Words by Lady Godiva
Based in London but symbolically originated in Barcelona, Index For Working Musik is Max Oscarnold and Nathalie Bruno‘s (from Drift) prodigal brainchild. Dragging The Needlework For The Kids at Uphole is the title of this triumphant debut on Tough Love Records. A convoluted name that allows different interpretations, ominous at first but one gets a deeper grasp of it as the album unfolds, navigating between an apocalyptic land where the living are no more and a more colorful canvas of moods.
Coming across the Index For Working Musik spectrum is like stepping into an alcove in an old manor that’s surrounded by haze and fog. It shields you from the rest of the world, warding off bad luck whilst whispering many confessions in your ear. This is how the opener “Wagner” lures and gets the listener hooked. It sets the bar high, releasing dark and sinuous oscillations and gradually explodes in ample and venomous larsen effect.
Sensually hushed, secretive and intimate, “Railroad Bulls” restores the calm after the initial storm and “Athletes of Exile” blesses you with its narrative and makes you part and parcel of it, which is something Max Oscarnold, a founding member of the band, is accustomed to as well in his other band The Proper Ornaments. A knack for complex emotions layered in velvet melodies.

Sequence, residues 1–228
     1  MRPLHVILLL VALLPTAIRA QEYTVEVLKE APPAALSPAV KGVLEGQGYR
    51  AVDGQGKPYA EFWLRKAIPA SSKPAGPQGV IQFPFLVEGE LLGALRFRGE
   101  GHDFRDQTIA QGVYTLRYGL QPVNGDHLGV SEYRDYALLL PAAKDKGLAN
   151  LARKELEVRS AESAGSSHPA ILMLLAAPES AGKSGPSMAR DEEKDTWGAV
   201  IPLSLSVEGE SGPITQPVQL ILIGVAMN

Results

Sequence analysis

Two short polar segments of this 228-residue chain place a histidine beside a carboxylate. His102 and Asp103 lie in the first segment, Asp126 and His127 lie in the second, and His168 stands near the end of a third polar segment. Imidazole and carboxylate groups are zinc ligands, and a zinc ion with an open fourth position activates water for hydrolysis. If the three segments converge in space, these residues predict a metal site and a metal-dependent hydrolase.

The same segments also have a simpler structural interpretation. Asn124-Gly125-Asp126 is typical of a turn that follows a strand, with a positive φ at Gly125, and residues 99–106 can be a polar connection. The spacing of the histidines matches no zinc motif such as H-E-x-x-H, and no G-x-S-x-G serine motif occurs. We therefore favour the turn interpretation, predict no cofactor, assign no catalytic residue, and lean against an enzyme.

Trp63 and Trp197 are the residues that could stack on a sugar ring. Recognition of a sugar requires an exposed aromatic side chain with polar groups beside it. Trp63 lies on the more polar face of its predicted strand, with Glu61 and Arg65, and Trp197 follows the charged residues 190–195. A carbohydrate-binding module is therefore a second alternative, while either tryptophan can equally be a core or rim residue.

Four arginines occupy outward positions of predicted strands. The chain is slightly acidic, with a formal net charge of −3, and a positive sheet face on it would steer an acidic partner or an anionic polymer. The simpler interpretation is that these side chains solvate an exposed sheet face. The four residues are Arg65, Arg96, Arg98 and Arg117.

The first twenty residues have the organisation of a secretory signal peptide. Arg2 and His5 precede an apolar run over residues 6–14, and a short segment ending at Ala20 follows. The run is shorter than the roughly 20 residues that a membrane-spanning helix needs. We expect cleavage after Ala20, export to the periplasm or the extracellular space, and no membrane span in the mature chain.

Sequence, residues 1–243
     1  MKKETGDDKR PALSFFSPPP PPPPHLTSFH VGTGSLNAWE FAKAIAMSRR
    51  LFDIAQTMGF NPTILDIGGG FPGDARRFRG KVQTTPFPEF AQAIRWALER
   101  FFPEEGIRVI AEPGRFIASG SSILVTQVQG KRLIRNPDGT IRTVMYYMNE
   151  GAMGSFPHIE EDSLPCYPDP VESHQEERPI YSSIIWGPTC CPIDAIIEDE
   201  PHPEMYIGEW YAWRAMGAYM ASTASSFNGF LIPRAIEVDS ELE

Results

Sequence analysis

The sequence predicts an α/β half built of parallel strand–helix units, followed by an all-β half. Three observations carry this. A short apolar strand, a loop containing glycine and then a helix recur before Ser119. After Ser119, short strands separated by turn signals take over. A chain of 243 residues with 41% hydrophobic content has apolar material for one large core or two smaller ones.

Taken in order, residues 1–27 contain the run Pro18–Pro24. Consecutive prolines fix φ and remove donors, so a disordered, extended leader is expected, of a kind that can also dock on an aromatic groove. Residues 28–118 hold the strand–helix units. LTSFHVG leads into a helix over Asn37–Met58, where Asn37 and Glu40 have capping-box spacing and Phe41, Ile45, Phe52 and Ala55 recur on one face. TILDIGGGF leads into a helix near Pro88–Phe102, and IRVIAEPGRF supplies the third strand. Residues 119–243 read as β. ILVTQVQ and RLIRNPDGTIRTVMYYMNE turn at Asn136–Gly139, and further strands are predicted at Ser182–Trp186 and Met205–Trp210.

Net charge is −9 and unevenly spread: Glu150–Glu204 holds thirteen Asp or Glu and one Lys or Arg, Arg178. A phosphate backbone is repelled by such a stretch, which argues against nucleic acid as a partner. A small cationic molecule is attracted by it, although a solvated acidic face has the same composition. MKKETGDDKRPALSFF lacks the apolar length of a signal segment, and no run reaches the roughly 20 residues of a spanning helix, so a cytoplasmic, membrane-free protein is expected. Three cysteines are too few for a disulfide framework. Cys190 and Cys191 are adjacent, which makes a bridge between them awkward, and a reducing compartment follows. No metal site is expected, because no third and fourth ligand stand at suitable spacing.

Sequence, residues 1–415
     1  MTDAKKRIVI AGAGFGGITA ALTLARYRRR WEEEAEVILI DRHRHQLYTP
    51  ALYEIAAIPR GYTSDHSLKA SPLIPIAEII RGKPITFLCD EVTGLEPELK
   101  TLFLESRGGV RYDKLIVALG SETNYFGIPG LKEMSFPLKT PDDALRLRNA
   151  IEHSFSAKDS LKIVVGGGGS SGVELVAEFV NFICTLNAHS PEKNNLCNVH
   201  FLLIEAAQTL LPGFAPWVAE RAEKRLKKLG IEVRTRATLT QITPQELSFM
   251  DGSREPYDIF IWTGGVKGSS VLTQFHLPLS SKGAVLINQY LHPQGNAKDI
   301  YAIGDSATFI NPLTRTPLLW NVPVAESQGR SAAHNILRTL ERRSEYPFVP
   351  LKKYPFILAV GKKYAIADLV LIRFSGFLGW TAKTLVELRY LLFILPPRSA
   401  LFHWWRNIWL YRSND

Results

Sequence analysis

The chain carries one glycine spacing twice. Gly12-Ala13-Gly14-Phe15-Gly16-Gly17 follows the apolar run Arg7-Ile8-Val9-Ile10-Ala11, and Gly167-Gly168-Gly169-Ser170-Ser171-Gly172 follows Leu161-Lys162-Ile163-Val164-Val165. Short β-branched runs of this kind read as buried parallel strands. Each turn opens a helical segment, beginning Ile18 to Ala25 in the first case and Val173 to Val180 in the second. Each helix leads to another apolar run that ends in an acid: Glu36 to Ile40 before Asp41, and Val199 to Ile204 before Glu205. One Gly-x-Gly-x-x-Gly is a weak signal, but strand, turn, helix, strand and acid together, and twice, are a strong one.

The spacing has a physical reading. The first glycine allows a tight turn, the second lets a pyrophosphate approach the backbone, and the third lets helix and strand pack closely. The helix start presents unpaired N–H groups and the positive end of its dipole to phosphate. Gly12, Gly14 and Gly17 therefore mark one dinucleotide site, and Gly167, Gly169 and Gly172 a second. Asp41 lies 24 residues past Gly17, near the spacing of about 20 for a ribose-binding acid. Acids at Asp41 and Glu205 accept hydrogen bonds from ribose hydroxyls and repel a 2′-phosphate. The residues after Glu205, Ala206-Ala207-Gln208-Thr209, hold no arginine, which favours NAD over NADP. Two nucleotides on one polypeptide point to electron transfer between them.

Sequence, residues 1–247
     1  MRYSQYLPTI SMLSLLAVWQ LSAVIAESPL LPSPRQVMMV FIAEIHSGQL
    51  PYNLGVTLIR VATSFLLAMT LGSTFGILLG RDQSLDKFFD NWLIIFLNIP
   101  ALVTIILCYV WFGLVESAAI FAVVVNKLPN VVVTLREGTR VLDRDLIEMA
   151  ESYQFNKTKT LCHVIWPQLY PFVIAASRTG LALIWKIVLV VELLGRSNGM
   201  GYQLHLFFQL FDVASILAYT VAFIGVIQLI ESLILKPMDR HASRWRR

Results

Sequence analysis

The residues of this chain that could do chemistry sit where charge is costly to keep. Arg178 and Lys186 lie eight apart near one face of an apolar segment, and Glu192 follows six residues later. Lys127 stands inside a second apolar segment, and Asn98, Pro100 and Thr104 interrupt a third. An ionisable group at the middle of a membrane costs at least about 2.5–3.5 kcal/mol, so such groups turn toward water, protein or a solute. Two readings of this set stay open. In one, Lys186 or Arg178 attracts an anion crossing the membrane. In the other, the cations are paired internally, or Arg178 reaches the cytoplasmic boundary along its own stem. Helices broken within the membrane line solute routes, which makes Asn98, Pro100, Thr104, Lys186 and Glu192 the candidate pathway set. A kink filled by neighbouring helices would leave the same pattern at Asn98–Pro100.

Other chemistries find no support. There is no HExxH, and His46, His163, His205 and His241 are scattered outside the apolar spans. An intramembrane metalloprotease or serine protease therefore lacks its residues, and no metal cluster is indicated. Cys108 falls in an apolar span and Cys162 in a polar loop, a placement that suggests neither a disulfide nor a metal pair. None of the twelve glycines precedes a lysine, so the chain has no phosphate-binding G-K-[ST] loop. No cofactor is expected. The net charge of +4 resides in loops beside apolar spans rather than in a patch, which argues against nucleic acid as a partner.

Speaking of velvet, Index For working Music is texturally steeped in the early atmosphere of the Velvet Underground, which fully comes to light with “Ambiguous Fauna”‘s lush and abrasive guitars and its vocal rhythm and harmonies. Even the lyrics are a (half) veiled reference to the iconic New York City band. Hey, hey, “set me free…” The band’s spiritual abode also evokes John Cale solo or in the same vein, Kevin Ayers, Nico, Cale and Brian Eno‘s momentous collaboration circa 1974.
The mysterious “Isis Beatles” covers its tracks, oozing more oriental vibes which are a pivoting moment on the record while “Chains”, echoing the spirit of “Ambiguous Fauna”, displays its arsenal of signature guitars. “Palangana” brings a more suave ambiance and a refreshing novelty as it’s sung in spanish, Max Oscarnold’s first language. His vocal range is delightful, low pitched and soft, yet very manly. The fog seems to dissipate during that number, which lets the light in. “1871” swings back and forth, like a pendulum, between dream and reality and “Habanita” ends the album on a surprisingly low-key and soothing note.
This record is a rough diamond, born in darkness and chaos, that voluptuously reveals more of its luminescence and whose charm resides in blurring the boundaries between material and imaginary worlds. It remains enigmatic and possesses a true edge and arousing aura that is fairly uncommon these days and brings us back to the raw and carnal roots of rock.
To be enjoyed at maximum volume and without moderation!